Exeter City Council has granted full planning consent for four purpose built student accommodation blocks on the 1.85 acre site of the Johnsons laundry and workwear factory in Cowley Bridge Road, which became vacant following a fire in 2020.
The blocks will be up to six storeys tall and provide 350 bedspaces in a combination of 154 studios and 35 cluster flats.
They will follow the form established by four existing neighbouring purpose built student accommodation blocks by providing sight of green space on the other side of the adjacent railway and river through gaps between buildings.
Risks resulting from the development’s location in the River Exe valley flood plain will be addressed by its design and the provision of emergency escape routes.
A communal space on the ground floor of one of the new blocks will be made available for community use and the development will include the provision of a pedestrian and cycle route along its frontage, where there is currently no pavement.
Local ward councillor Michael Mitchell, quoting county council figures that show around 10,000 students bring cars to Exeter each year at Monday’s planning committee meeting, sought a planning consent condition requiring that the development would be truly “car free”, as described.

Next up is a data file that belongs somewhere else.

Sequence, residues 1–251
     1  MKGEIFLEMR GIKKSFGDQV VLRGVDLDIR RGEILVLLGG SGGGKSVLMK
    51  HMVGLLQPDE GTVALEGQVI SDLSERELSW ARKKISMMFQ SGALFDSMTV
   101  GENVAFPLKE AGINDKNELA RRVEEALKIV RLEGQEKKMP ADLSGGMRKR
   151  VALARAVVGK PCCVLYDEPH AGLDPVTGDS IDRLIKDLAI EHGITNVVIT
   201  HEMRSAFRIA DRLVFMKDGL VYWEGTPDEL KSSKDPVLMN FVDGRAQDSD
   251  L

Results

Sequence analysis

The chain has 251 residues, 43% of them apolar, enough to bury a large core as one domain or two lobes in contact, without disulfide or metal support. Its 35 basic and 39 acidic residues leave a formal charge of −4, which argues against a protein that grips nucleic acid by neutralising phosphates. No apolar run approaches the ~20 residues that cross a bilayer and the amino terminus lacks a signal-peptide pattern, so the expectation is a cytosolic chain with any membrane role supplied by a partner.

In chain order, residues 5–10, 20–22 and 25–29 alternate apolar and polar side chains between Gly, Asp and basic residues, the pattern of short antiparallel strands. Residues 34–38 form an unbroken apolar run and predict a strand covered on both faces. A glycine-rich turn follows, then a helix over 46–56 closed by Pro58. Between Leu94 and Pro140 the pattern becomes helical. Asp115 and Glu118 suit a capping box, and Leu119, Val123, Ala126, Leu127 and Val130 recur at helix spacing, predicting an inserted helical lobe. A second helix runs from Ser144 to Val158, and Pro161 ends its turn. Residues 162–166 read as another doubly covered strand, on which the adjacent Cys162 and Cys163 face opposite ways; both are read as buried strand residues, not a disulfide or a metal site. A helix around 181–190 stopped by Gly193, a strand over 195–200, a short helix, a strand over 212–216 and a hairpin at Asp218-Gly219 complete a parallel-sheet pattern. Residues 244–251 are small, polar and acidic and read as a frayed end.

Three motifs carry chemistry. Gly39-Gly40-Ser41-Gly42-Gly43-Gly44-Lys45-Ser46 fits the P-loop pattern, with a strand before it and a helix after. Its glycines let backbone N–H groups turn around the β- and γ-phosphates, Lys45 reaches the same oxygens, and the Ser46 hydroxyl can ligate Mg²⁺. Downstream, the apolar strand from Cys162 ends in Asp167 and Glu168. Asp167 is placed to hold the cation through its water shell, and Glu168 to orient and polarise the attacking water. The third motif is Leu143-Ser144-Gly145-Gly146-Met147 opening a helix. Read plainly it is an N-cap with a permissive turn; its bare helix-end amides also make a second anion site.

The response was that only two residents would be granted permits for the disabled parking bays on the site, and the provision of cycling storage and space for an electric bike hire scheme would “encourage” others not to drive.
When pressed to include a clause in the building management plan to prohibit residents from bringing cars to the city, the response was that the third-party site operator would “discourage” their use.
Purpose built student accommodation has been anticipated on the site since it became vacant, because of its proximity to the university’s Streatham campus in an area of the city that is now almost entirely dedicated to providing student accommodation.
Community balance was not mentioned in the council planning case officer’s report on the development proposals.
Although the site was previously in employment use, the council did not consider protecting this use because of its context.
Full details of the application can be viewed on the city council website.